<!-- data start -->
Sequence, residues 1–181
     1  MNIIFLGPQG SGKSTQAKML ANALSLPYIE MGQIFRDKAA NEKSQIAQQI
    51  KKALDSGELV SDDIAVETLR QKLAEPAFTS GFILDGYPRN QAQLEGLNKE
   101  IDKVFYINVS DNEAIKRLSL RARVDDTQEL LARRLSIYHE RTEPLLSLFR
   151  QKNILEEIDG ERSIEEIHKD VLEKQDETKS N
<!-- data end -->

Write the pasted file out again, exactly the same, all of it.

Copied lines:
Sequence, residues 1–181
     1  MNIIFLGPQG SGKSTQAKML ANALSLPYIE MGQIFRDKAA NEKSQIAQQI
    51  KKALDSGELV SDDIAVETLR QKLAEPAFTS GFILDGYPRN QAQLEGLNKE
   101  IDKVFYINVS DNEAIKRLSL RARVDDTQEL LARRLSIYHE RTEPLLSLFR
   151  QKNILEEIDG ERSIEEIHKD VLEKQDETKS N